We’ll see what happens next.

Whatever it is.

…c…

Embracing the Horror

This is one of those topics that I write about from time to time because it ceases to amaze me how utterly stupid and narrow people can be when it comes to the horror genre.

I mean, let’s be straight honest here for a moment, there are biases against EVERY genre, people hate musicals, and dramas, and romances, and comedies, and on and on because people are people and for some reason you can’t just dislike something but have to actively and aggressively hate it these days. It’s the troll mentality of our culture. The mentality that hates grays and insists on living in black or white.

Love.

Hate.

Whatever.

What makes me laugh, consistently laugh, are the directors, and writers (and I am sure other artists say the same mess but I thankfully don’t see it) who go to great pains to insist that their work, whatever it is, isn’t horror. Heavens to Betsy no. It’s a THRILLER. Or GOTHIC. Or SUPERNATURAL. Or whatever. All manner of euphemisms to get around saying something is horrific. And sure, not everything IS horror, and horror isn’t the be-all end-all but it’s the audacity of how hard people will work not to just say that a film is SCARY.

The irony is that it shows how little these people know about horror and how vast the genre is. These creators assume that horror is a man in a mask brutalizing young women. They assume that horror is nudity and gore and loud music. They assume all of the worst of the genre and forget that three are masters that can create  the most devlish art with just sound and shadows or artists that can create a symphony in blood soaked halls. The people that beg off any suggest that their creation could be seen as MERELY horror are also the people who knew darn well what they were doing and should their work be a crossover hit then they’ll say, well, sure, it’s horrific but I wouldn’t say it was HORROR. They’ll lazy embrace the benefits so long as they don’t have to get their hands dirty. Heaven forbid.

These are people who use the genre for their gain but decry it when interviewed.

Much like comedy is more than fart jokes, horror is more than scantily clad co-eds being slaughtered by a maniac. It is lazy to see the most obvious examples of something and to use that as your basis for why your work isn’t like that. If it isn’t then it isn’t. Do your thing. But we tend to know what we’re making and whether what we are making is like something or not or fits into a box. If you get put into a box then you can spend your time fighting your way free or you can push the boundaries of that box outward and find the good works that yours is like. Lean into it.

The more you fight to say your work ISN’T like something then the more time you are spending not talking about why your work even matters. And honestly, most art embraces lots of aspects of humanity in order to be memorable. A comedy can be tragic. A romance can be scary. The best art sees the whole picture and can say more than one thing.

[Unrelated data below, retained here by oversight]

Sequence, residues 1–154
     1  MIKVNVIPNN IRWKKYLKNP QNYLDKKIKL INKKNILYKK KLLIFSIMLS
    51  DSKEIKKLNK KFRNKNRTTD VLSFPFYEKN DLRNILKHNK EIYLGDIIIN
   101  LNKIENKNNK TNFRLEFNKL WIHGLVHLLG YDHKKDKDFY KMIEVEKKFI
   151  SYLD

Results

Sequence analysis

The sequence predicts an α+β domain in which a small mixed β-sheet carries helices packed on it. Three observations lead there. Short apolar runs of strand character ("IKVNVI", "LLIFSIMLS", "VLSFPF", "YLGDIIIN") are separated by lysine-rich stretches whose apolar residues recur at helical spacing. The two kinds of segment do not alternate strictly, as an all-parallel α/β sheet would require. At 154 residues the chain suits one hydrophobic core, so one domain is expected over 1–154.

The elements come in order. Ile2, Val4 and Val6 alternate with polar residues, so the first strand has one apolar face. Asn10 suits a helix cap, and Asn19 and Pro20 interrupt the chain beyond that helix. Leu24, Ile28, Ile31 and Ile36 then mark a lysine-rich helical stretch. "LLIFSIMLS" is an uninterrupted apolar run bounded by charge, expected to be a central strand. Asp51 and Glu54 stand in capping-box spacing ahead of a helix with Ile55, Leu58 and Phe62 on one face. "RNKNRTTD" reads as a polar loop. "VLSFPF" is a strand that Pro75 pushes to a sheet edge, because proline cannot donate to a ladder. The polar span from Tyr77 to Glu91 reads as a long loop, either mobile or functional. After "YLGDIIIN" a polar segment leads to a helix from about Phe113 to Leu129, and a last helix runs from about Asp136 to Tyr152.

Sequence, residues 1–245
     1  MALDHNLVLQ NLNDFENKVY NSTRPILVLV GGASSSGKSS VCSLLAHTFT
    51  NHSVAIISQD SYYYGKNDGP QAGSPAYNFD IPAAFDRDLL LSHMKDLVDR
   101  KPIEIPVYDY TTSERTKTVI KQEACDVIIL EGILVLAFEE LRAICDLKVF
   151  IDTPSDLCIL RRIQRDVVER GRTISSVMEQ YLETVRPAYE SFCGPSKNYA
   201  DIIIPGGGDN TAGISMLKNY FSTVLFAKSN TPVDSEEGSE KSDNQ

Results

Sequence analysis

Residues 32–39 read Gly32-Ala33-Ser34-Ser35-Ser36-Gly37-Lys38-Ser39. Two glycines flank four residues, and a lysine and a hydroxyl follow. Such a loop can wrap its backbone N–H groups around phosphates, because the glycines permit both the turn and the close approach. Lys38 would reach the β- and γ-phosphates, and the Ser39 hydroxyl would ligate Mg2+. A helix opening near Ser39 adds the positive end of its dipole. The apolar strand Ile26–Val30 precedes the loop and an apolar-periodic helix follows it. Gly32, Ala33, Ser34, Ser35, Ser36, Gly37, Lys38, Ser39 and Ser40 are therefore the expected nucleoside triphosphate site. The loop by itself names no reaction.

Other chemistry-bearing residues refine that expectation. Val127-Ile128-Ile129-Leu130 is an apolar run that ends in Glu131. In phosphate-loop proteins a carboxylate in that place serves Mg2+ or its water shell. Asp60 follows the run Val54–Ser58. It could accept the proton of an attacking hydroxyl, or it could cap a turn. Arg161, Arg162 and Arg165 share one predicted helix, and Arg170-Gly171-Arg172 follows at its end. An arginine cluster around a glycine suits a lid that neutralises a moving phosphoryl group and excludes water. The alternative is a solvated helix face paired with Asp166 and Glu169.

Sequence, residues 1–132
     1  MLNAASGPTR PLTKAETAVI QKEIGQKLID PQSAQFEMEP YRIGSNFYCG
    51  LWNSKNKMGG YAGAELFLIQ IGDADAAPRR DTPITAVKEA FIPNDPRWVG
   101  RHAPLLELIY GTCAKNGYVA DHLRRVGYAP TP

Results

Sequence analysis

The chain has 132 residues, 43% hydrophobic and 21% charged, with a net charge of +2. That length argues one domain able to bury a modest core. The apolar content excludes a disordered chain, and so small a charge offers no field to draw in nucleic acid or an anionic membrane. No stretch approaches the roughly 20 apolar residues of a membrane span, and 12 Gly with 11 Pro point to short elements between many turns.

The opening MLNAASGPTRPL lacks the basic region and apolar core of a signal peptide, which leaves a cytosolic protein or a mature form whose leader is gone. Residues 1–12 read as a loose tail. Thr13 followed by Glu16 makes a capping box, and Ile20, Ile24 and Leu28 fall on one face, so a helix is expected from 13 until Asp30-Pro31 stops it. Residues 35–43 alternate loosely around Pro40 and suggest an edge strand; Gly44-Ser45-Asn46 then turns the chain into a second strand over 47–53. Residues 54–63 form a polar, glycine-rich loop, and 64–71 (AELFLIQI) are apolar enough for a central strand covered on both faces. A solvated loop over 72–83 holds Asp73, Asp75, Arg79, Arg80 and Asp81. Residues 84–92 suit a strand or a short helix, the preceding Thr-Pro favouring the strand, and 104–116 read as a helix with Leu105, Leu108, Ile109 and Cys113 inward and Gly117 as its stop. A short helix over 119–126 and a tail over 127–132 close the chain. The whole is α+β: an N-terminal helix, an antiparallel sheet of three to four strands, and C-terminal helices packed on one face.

If you work harder to do that, to create work that could fall into many slots, that can speak to more than one person or…you can just spend your time crying about how people think your work is something you don’t like and tick off the hours mopping up that spilt milk.

Shade deployed.

…c…

Perfect Endings

As fans we all have our ‘perfect’ endings for the things we love, be it movies, books, comics, or something else that is more than a self-contained work. There is a gulf of difference between the solitary work and the series, an investment of time and emotion that most singular works don’t inspire. While a book that is a stand alone may disappoint someone the series will call out the wolves, the angry hoards that are just as passionate about their anger as they are their joy.

Woe be unto any that dares a series for you are inviting a world of chaos your way.

Naturally I wrote a series.

Well, it didn’t start that way, it just, well, happened. I wrote a book of short stories about some cute little flying sheepies and a witch. When the book reached it’s conclusion I figured that was the last thing I had to say about things. The story was complete. Oh but I did like those sheepies, and did fancy that world I had created and though, well, what if I just wrote some history from time to time to amuse myself. Thus, I entered the world of Tumblr and started to post some of the history of the Land of Man, where the initial story – The Meep Sheep –  took place. As I wrote these histories I realized how much fun I was having writing about this world and suddenly there was a second book. And dope that I am I opened a door in that second book – The Kreep Sheep – that I felt compelled to close. That’s the foolishness of the writer, opening doors you then have to close. So then we had a third book, a proper novel, that was meant to tie up the loose ends I had unraveled. Now, for me, there’s not some huge fan-base clamoring for my writing so thus there’s no wild band of crazed weirdos all upset at me for destroying their beloved.

Phew.

There’s a sense of ownership that happens to fans that invest themselves deeply into a series, a sense that they have a say in how the story should end. That doesn’t mean that it will change things but let’s face it, with all the creators in the world and all the fans, the louder they are, the angrier they are then there are creators that will be influenced by that. Most though are pretty set on which direction they want to head in and it is what it is. Fans don’t always love that though, believe me.